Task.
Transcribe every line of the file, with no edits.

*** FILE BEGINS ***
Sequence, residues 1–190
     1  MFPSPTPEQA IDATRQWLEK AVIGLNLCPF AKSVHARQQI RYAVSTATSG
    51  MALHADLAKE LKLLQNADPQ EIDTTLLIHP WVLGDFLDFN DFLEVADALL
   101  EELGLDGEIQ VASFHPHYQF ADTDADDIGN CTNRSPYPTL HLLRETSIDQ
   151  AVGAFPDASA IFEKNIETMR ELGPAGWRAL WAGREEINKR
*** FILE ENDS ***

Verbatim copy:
Sequence, residues 1–190
     1  MFPSPTPEQA IDATRQWLEK AVIGLNLCPF AKSVHARQQI RYAVSTATSG
    51  MALHADLAKE LKLLQNADPQ EIDTTLLIHP WVLGDFLDFN DFLEVADALL
   101  EELGLDGEIQ VASFHPHYQF ADTDADDIGN CTNRSPYPTL HLLRETSIDQ
   151  AVGAFPDASA IFEKNIETMR ELGPAGWRAL WAGREEINKR